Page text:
Northamptonshire Police have revealed a list of their most bizarre 999 calls made this year, including a report of a toad found in the garden.
A peacock in another resident’s garden also caused concern, prompting them to call the emergency services.
Northamptonshire Police have revealed a number of 999 calls made to the service that did not constitute an emergency.
Some related to suspicions about dangerous food, including a man claiming that his bananas had spiders egg on them, and a woman who suspected that wine gums on the floor outside her address may be poisoned and linked to recent stories about narcotic dog deaths.
Others wanted to report finance-related issues. One person complained that their masseuse was too expensive, while another called to report that they had not been paid their benefits.
Equally indignant was a report from a patient complaining that their dentist had assaulted them by giving them a filling.
Even more obscure reports included a concern about cats being forced to marry each other via a website.
Non-emergency calls from citizens wishing to report that they themselves had solved crimes were also recorded.
One man said that someone at Sainsbury’s had told him that an eagle was flying in the local area and suggested he report it out of concern for local children. The caller had also read in a local paper that 30 cats had gone missing in the area, leading him to believe that he had found the culprit and that the eagle should be arrested.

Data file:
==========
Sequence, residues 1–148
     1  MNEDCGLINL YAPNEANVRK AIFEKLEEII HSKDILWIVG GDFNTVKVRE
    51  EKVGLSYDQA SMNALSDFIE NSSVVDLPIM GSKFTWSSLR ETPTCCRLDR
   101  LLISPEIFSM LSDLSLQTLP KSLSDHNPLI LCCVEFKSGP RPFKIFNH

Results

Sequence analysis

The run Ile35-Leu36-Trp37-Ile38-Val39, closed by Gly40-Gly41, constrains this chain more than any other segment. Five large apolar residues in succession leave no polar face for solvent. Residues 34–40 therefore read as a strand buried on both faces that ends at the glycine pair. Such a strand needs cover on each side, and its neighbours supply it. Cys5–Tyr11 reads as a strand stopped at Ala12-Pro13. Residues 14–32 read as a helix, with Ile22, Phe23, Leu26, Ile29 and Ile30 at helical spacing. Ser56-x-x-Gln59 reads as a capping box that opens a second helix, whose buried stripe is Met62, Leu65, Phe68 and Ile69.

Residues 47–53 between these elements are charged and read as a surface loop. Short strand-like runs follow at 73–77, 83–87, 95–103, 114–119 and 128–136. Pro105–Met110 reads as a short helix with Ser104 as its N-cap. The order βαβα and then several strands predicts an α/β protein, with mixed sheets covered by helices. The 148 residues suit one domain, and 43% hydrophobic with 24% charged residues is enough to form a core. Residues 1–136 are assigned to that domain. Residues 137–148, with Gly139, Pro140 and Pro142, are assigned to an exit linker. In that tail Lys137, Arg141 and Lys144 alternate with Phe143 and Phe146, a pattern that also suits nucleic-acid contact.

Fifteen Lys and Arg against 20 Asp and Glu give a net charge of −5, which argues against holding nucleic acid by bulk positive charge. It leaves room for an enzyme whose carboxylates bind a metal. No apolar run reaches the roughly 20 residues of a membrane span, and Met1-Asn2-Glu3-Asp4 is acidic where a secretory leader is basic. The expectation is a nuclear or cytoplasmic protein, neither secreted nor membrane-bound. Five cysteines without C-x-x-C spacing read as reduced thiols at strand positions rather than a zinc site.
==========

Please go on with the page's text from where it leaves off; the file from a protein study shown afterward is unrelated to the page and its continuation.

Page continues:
Meanwhile police also received calls from people who did not wish to report a concern at all, with one merely offering sexual favours.
People who wish to report non-life-threatening concerns to the police are asked to call 101, rather than 999. Some police services, such as West Midlands, have charged callers for phoning the emergency number.
Officially, wasting police time is an offence which can carry anything from an £80 fine to a six-month prison sentence.
It includes wasteful employment of police by falsely reporting to them, or to anyone else, that an offence was committed, by making the police think that there is a real danger of safety to a person or property when there is not, or by implying there is information available in relation to an ongoing police enquiry.
To contact police call 101.